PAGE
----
Bridget Dettmann
Mar 22, 2016 Bridget Dettmann rated it liked it
While this book is beautiful both in its pictures and its words, it was not what I was expecting. This was recommended to me as a book to use with a unit about jazz music. For this purpose, it did not fit the bill!

This book would be great to use in an upper elementary class as an introduction to important people in black history. The poem mentions many famous names such as Paul Robeson, Ray Baretto, and Duke Ellington. However, it only mentions names. The back of the book does provide a very ni
Flora Stan
Ellington Was Not A Street is written by Ntozake Shange and Illustrated by Kadir Nelson. This book, being not of many words, serves as a truly beautiful tribute to famous African Americans that have shaped our country into what it is today. The story tells of different African American men such as Robeson, DuBois, Ray Barretto, Sonny Til, Dizzy Gillespie, Duke Ellington, and more. The pictures take you back to a different time and bring you right into the scenes with the featured African America ...more
Nov 26, 2010 Nancy rated it it was amazing
Published: 2004, Simon & Schuster Children's Publishing
Age: 8-15
Shange’s poem, “Mood Indigo” is told on the pages with beautiful oil paintings by Kadir Nelson of black heroes. Shange is first pictured as an adult walking down Ellington Street under an umbrella and then again in the middle of the poem. She is the narrator and speaks of when she was young, and these famous men came to her home to see her father. Shange appears in a blue dress in almost every scene. Reading it makes you wonder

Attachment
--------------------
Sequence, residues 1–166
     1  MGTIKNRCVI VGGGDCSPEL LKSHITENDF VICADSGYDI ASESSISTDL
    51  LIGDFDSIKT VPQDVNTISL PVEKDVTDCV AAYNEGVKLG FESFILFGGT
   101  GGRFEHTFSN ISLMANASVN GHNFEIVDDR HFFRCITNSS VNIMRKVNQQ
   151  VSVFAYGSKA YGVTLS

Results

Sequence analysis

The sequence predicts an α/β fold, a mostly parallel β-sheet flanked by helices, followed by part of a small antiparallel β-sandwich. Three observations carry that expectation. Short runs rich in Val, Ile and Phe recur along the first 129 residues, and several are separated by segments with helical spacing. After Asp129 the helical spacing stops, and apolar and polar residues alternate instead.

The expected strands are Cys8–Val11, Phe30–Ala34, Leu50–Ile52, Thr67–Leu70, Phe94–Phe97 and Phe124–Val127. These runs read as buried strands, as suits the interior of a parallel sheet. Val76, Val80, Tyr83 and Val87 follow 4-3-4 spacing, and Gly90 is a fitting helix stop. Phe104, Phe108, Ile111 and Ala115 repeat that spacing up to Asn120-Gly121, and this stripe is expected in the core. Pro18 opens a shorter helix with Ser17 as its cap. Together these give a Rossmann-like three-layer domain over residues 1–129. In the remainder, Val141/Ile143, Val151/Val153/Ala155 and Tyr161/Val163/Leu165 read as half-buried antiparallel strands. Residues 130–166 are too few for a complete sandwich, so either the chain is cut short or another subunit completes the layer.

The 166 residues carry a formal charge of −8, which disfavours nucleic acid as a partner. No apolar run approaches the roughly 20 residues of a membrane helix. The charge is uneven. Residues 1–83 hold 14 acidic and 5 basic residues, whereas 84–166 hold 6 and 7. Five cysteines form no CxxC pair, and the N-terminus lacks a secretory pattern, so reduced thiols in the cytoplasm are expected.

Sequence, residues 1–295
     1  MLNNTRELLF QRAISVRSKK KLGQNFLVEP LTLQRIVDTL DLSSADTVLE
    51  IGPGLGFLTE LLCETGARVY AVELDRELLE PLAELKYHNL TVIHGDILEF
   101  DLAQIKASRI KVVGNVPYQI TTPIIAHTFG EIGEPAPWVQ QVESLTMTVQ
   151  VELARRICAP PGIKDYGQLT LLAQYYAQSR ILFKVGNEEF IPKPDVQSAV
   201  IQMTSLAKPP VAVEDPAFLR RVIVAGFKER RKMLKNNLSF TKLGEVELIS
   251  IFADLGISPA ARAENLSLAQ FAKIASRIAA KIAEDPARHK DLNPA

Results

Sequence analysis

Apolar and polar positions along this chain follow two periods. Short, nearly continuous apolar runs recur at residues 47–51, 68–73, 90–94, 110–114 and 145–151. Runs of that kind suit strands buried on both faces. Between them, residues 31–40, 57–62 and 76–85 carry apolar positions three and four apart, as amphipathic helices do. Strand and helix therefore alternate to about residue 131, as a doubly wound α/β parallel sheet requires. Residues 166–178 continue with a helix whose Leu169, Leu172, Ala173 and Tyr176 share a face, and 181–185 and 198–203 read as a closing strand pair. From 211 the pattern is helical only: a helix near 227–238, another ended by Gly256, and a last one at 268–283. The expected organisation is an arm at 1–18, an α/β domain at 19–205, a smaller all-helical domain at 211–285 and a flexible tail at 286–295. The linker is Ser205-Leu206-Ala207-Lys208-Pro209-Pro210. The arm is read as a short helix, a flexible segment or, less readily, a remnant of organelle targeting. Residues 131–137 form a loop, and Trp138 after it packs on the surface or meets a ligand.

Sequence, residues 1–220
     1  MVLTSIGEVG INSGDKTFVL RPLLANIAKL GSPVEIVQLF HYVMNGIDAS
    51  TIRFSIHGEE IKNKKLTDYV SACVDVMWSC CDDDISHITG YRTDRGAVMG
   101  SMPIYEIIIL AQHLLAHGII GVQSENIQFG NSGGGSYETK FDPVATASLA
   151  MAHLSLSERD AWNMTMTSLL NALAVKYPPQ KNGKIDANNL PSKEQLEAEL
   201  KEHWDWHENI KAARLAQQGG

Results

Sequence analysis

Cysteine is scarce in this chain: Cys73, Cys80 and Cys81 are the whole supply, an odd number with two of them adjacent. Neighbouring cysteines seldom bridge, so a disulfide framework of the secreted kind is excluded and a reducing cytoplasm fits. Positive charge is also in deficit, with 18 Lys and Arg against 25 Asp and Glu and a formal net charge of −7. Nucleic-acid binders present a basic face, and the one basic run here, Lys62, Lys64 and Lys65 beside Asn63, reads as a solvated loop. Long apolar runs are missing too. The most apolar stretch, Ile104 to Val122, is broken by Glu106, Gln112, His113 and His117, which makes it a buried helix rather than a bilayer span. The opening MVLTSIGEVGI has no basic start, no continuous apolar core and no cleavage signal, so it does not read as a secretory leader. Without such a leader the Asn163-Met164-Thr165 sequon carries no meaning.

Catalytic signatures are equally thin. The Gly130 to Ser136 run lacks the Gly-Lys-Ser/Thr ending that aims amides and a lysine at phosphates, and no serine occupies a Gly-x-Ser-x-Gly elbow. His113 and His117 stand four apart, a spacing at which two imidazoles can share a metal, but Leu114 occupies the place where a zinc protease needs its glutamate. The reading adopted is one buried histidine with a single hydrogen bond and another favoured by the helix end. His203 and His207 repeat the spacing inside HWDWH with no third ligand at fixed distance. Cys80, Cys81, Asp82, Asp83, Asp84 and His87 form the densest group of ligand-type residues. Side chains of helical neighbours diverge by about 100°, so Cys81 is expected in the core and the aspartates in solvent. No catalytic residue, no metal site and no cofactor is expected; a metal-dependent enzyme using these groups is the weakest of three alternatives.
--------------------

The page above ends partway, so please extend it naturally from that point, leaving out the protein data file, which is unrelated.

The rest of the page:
Jan 14, 2011 Leane rated it really liked it
"Ellington Was Not a Street" is written in a poetic form. It is told by a little girl in a blue dress, and she seems to want to express the idea that we need to continually remember the great African American activists and musicians of the past. One-by-one, influencial men like Dizzy Gillespie and W.E.B. DuBois arrive at her house. All of these men represent the strength that African Americans cultivated and their mission to fight for a cause. This book is simple, yet powerful. I particularly en ...more
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Ntozake Shange (pronounced En-toe-ZAHK-kay SHONG-gay) is an African-American playwright, performance artist, and writer who is best known for her Obie Award winning play for colored girls who have considered suicide/when the rainbow is enuf.

Among her honors and awards are fellowships from the Guggenheim Foundation and the Lila Wallace-Reader's Digest Fund, and a Pushcart Prize.
More about Ntozake Shange...